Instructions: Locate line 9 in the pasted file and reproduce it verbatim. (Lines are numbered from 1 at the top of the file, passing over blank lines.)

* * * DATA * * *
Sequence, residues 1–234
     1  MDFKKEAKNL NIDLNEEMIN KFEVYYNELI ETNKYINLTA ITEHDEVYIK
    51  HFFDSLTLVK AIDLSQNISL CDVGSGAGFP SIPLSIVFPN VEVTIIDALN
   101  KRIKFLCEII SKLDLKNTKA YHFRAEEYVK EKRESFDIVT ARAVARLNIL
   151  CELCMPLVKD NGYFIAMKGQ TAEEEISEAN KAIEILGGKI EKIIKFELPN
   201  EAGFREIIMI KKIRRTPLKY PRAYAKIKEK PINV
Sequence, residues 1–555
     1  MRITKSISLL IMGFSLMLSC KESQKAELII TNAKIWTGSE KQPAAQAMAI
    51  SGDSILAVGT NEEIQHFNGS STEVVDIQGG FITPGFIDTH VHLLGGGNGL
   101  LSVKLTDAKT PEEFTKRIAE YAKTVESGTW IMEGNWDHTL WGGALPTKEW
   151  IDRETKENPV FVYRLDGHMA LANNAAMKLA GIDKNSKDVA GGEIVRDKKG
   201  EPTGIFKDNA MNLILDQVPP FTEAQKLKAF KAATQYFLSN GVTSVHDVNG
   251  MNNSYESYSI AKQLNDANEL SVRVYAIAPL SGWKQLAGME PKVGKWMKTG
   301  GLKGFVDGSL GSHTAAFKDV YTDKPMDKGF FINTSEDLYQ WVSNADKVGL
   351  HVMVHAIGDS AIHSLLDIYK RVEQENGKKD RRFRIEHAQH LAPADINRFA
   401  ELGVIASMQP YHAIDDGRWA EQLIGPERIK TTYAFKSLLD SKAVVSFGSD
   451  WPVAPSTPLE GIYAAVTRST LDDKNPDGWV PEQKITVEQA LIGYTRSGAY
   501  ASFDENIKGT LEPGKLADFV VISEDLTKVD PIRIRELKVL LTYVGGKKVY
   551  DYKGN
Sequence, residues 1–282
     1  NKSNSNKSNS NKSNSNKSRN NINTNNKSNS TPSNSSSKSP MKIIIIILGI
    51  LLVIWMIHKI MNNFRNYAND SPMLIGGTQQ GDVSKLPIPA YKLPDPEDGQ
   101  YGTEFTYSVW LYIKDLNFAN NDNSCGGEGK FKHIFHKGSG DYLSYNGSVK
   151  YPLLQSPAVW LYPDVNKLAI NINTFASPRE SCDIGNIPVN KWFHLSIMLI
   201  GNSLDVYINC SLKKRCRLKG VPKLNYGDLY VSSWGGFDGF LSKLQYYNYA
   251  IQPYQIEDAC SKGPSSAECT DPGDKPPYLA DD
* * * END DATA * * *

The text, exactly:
    51  SGDSILAVGT NEEIQHFNGS STEVVDIQGG FITPGFIDTH VHLLGGGNGL